Rich Wray of Hegemann & Wray Engineers was present to discuss the Fords Corner Area Sewage Project. Wray said, a couple of years ago we had started to initiate activities to serve the Fordís Corner Road with sewage and to examine the feasibility of that particular effort. . . could it technically be done? Thereís several alternatives that were devised, put to paper, and a cost estimate generated. As you recall, the total cost estimate for Fords Corner Road was about 2 million dollars. That involved everything from Twin Rocks to new Route 22 so itís the entire service area involving at least one pumping station with that alternative and probably a siphon underneath Blacklick Creek with the remainder being gravity service. Inquiries were made with funding agencies such as R.U.S. and Pennvest. . both agencies expressed a desire to consider the project for funding. . .however, planning before the project needed to be initiated so that the regulatory agency involved could then be established and some form of local and then State review of the project were concurrent to the funding agencies. There has been some discussion about splitting the project. . half going to JETSA and half going to Blacklick and also that as well is feasible to do. . .the question here this morning is, do you want to initiate some form of planning effort with the PaDEP so we can start establishing what levels of funding are actually available so we can declare some monthly rates to the customers. The impasse from that right now. . . we canít really move anything forward for you until we do some sort of planning effort with the State. Solicitor Barbin said, to do the DEP planning though. . you really have to say which way they go. . right? Wray said, we would have alternatives analysis in the planning that would show. . exactly as Iíve described. . going towards Blacklick with everything or the split. They require alternatives analysis and thatís kind of where Iím at. Barbin asked, what is needed to go ahead with that planning? Wray answered, we need to prepare a Module E Package for the DEP for planning. That would have to run through your Planning Commission. In other words, we would prepare the package on behalf of the Supervisors as a Sewage Facilities Act Document. . Act 537 . . underneath that umbrella. It would half to go to your Planning Commission and come back to the Supervisors for ratification before it goes to DEP. Chairman Bracken asked, whatís the difference in the cost if we run it all to Blacklick or split it and run half to Jackson and half to Blacklick? Wray asked, capital costs? Bracken replied, yes. . capital costs. Wray said, thatís a very easy question to answer. . itís the cost of a forced man pumping station coming back to Blacklick. You would save that particular cost as you look at that piece of real estate from Twin Rocks to new 22 however, you still have to develop a gravity line from new 22 to JETSA. . . . capital cost wise, youíre a little more expensive on the gravity. . . long term operating cost, it is less. Barbin asked, how many pumps does it go through once it hits the JETSA system. Wray answered, . . at least two. The southern half of Fords Corner Road would just go to 22 and then back over to Twin Rocks . . then it would go through the siphon. Barbin said, and the planning would come up with costs. . . operations and maintenance cost. Wray said, a piece of Finntown is also in on this back to the top of the hill. We can gravity feed Finntown down hill. We have a pumping station shown at Twin Rocks mainly because that is the worst possible cost scenario, but weíre going to do a siphon under the stream. Barbin said, that makes a lot more sense. Dick McDowell asked, is there any thought on doing Loraine Road. Wray replied, yes. . it pretty much drops right off into Lorain so yes. . there is an alternative to this point. Bracken added, that would be gravity flow to Nanty Glo. McDowell said, I donít know if you have enough customers here to make it worthwhile. Why wouldnít that be included? Wray said, that one wouldnít go to Blacklick. Barbin said, that would go to Nanty Glo and Nanty Glo hasnít been in the discussion. That would be a separate planning effort. Wray said, just so you know, the Supervisors have recognized it and weíve done cost estimates and we know it will cost and it does work. McDowell said, it seems like a good one because itís all downhill and thereís no pumping station involved and you have it part way up. Barbin said, I think Nanty Gloís general concept is. . theyíll take anybody you want to take that wants to come in but theyíre not going to spend money to do it. McDowell said, they did recently get money to expand their station. Barbin said, theyíd be happy to take additional customers. . thereíd be no problem. Manager Hirko asked, would that complicate the financing. . even having two? Wray replied, yes. . mainly because your borrowers are different. A pumping station on 22. . on the north side. . I donít really like them. . . if I can get away with doing without a pumping station, Iíll do it. It really isnít necessarily a bad thing or evil thing. . you might find other uses for that station later on. It may aid you in ways that we canít identify today. Iíd rather provide gravity if I could but capital cost wise. . .itís actually a little more expensive to run the gravity into JETSA. Hirko asked, the fact that JETSAís already going for funding for Brazil / Cherrywood. . would that be held against them for a different project like this? Wray answered, no. . itís an independent exercise. Barbin asked, what is the cost of doing the planning? Wray said, probably two to three thousand dollars. Barbin added, net after the reimbursement from the State. . . it would be four to six but the State pays half of that. Supervisor Stephens asked, the two million dollars affects how many customers? Wray answered, 100. Stephens said, if I recall correctly, I think I talked to you at a previous meeting and you told us that it would cost each individual. . .each resident somewhere around approximately $50 to $55 a month. Wray said, thatís where we weíre looking at. Stephens said, understanding that at that time you told us also that this project would have to be independently financed and it wouldnít be able to be spread around. Wray said, thatís correct. Stephens said, another engineering firm get out and gave us a price as I recall $60 to $65 per month for each resident and from past experience we know that engineering firms have a tendency to be too conservative in their quote and realistically itís going to be $70 to $75 per month. Now itís my understanding that Richard Sutter & Associates get out and conducted a survey which has been documented and I ask the question whether that survey was done in the best possible interest of the people involved given the fact that not one of them were told what it was going to cost them. Wray said, I wasnít involved in that. Stephens said, and there were no guarantees. . so as I recall off the top of my head. . I believe it was 67 or 68% of the people according to Sutter were in favor of the sewage project. If in fact they knew it was going to cost $55 per month or $75 per month, would they be in favor? Next question is, is every one of those people going to be required, mandated by law, to connect. Wray answered, yes they are. Barbin said, to get financing on a sewer project you have to have a mandatory tap ordinance. The reason you didnít have to over on Dishong was because the Landfillís paying for the line. . . thereís no financing. . . but for the Federal Government. . .for Pennvest to finance, they wonít give you a penny without a mandatory tap ordinance. Stephens said, R.U.S. is a little different. . arenít they? Barbin answered, they have mandatory tap too. Stephens said, I always thought there was somewhat of a difference between R.U.S. & Pennvest. Wray said, not any more. . .the funding type. . yes. . the term of the loan, interest rates. Barbin said, R.U.S. can be cheaper with a 40 year loan . . cheaper payments. Itís a lot more money over the long run. Wray said, and theyíre revamping their funding structure as we speak. . . the terms of their loans, the rates. . .everything. . .the grant participation. . .everythingís being revised. Stephens said, before we get involved in spending a lot of money, we ought to get out and consider the people involved and make sure they are aware of what the cost is going to be for them personally and look at the collective groupís best interest. Wray said, as part of the planning effort you have to have a Public Hearing. Barbin added, and part of the planning effort is an analysis of the needs. . .are there a substantial number of failing sewage systems? Thatís one of the factors in funding. If thereís not at least 25% of them failing, you get the lowest priority and you go to the end of the line on the funding. They flat out donít turn you down, but if you donít have 25% of the systems failing and they do an inspection with DEP. . . they donít cite people but they do a sewage inspection. . .what does this look like. . . what are the soil types. They do an analysis of that and determine the kind of need. . thatís another part of planning. Hirko asked, isnít this though to just get concrete figures. . .this isnít saying okay to the project. Wray answered, thatís correct. This provides you with a technical bridge to get the funding. Barbin said, these are pre-conditions. Hirko said, youíll have more accurate figures through this. . .right now. . nobody knows. Wray said, as far as rates, no. . .after this that will give you the bridge or vehicle to get those funding packages. Barbin said, this study would provide a comparison of the cost for JETSA and the cost for Blacklick. Wray said, that would be part of their analysis. It kind of gets back to what Bobís asking for. . .the people need to know. . well this is the next step to get to know. Weíre kind of at a stalemate to get a better rate picture without this. I need some regulatory agencies to say yes and to say this is the way it should go. Youíre in a nice situation here where you have authorities on both sides of the fence that have capacity and conveyance capacity at Blacklick and they can take on the customers and so can JETSA apparently. That stuff is usually the hard part. . usually you have some problems with conveyance and treatment capacity and here you donít. This is a very nice position. Stephens said, they have some of those problems along the Route 22 corridor because Revloc has to upgrade their capacity which will facilitate being able to take any more. Barbin said, so what this involves is the Township is hiring Hedgeman & Wray to perform a Planning Module. . .heís telling us it can be done for a cost not to exceed $6000 and when the DEP approves the planning, we get half the money we spent on it back so itís a net cost not to exceed $3000. . . .careful though. . you spend $6000 first and then you get reimbursed so you know. Bracken said, one thing is the more you let it go, the more itís going to cost later. Wray said, Iíve never seen costs go down. Barbin added, and youíre not deciding on the project. This is supposed to be a fair and balanced analysis that comes up with estimates. . .comes up with different, alternative ways of doing it and some analysis of the need. . .what is the real need in the area so that you guys can make a final decision saying yes, we approve the project. . no, we donít approve the project but the planning is the first step to doing that. The DEP says you shouldnít make that decision until you do this analysis. It a little bit of what youíve been saying. Stephens said, so itís an economical feasibility study. Barbin said, yes. . with technical and environmental in a sense. . .if everybodyís on-lot systems are working, why are we even talking about this. If everythingís okay there and thereís no problems then maybe we donít need sewage there. Iíve never heard of a place in Cambria County where thatís true. Stephens said, the question comes up of what is the determining factor of what is working or what isnít. Itís my understanding that within the sewage community and JETSA one time speculated that 90% of the sewage systems in Jackson Township would malfunction if they were put through a pressure test. Barbin said, a flow test. . .a 24 hour flow test. Thereís some banks that require these long dye tests but some banks used to require that but if you did that. . everybodyís septic system anywhere is going to fail. Bracken said, I think itís in our best interest to go ahead and do the study, then youíll know. Motion Stephens, second Bracken to proceed with the study as proposed. The motion was opened up to public comment. Dick McDowell said, the longer you wait to do it, the more it cost and the longer you wait, the more people thatís going to be on there with malfunctioning systems. The systems that are already there. . .even if theyíre functioning now, they wonít be 10 years from now and itís going to cost more to do it 10 years from now than it will cost now. Stephens asked, how many people within the given area that weíre discussing can afford $75 a month if thatís what in fact it costs? Thatís what I think we have to consider. McDowell said, the restrictions on malfunctioning systems is getting tighter year by year. Are they going to be able to afford to move to some other place if they canít have sewage? Barbin added, if theyíre cited and it goes to the County Sewage Agency and theyíre ordered to put a replacement system in. $75 per month is a whole lot to many people. . no question about that but a new sand mound is even worse on somebodyís budget. Iíd rather have the monthly bill than have to put a brand new sand mound into place and that could be forced on them. Wray said, If you have a planning effort underway such as this one and thereís a problem, they soften their position significantly. In a way youíre looking out for them by at least initiating this. Barbin said, you have to admit that itís a good thing. Stephens said, we need to know what itís going to cost. Over in Mars in Butler County they estimated at $50 - $55 and it ended up costing $75 and they had quite a squawk over there. One of the things I think we need to consider from my perspective is that elected officials should be highly reluctant to ever put the constituents theyíre elected to represent in a position where they have to make a decision thatís contrary to what they want. When other governmental agencies such as sewage or DEP get out and get involved and make a decision, itís entirely different to what it is for a public official that is elected. Barbin said, the problem is the longer you wait, the more it will cost. Sewer systems that were done three years ago are paying $45 per month. . .sewer systems that were done seven years ago are paying $40 per month. . .now theyíre paying $50 - $55. . . and ten years from now theyíre going to be paying $60 - $65. Wray added, a lot of it depends upon the generosity of the Federal Government. . youíll start a project at a certain cost and sometimes you receive a benefit during the project that will help reduce rates. Itís more likely that the rates would go up during the course of development of the project. Stephens said, thereís no question about it that this happens time and time again. . .look at Brazil / Cherrywood where they were going to start out at 217 customers at 1.7 million and now itís at 3.7 million for 200 customers. Wray said, in the general industry, thatís what happened. Stephens said, the engineering firm involved failed to get out and advise us on every single aspect of what the cost was going to be. . in other words. . it was human failure somewhere along the line. Barbin added, I think they dragged their feet too. Stephens said, thereís no question about it. Wray said, the problem Iím trying to avoid here. . .the reason we went to this level of detail is so you can see it with your own eyes but on the other hand too, timeís slipping by here and costs are going up. Do you want to start the effort or not? Stephens said, if you canít afford it today and the costs go up, how can you afford more tomorrow and this is what the determining factor is. . can people afford it? Bracken asked, can the people afford to put a new sand mound in? Iíd say no. Barbin said youíre talking $15,000 and that works out to more than $75 per month. Tim Davis said, if youíre a younger person and thereís a lot in this Township, itís tough. Electric bills go up by the PUC, water bills go up by the Water Authority, sewer bills go up. . . everything is going up and where do they get this money from? Iíd rather buy a sand mound and pay the banker 10 years and then not have to worry about it. If Iím 40 years old and buy a house in the Township, I donít have to pay it the rest of my life. Barbin said, youíre saying, I canít afford it sometime in the future after 10 years. . I can afford more money now. The problem which is real is there are people on fixed incomes that donít have $75 extra dollars. Davis thereís a lot of people in this Township who are just trying to survive right now whether you realize it or not. Bracken said, I think itís probably be in our best interest to go ahead with this study. A vote was then taken on the motion. Vote-2 yes.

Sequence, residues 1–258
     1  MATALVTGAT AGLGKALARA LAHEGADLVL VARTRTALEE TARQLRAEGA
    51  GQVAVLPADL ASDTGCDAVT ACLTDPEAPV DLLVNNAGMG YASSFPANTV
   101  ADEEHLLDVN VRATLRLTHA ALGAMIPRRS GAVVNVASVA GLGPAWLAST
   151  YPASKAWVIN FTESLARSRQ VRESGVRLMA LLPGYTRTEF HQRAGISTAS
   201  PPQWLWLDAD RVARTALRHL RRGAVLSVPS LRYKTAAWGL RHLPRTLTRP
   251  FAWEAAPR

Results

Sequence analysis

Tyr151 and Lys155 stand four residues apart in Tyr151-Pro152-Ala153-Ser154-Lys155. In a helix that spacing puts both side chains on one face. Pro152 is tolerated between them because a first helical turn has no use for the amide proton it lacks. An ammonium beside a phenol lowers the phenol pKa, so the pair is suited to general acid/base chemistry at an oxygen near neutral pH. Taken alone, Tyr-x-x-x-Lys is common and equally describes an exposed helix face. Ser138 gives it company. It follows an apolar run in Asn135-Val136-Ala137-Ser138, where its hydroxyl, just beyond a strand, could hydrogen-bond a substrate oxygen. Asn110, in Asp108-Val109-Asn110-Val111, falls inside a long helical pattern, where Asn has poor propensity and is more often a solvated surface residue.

Other New Business: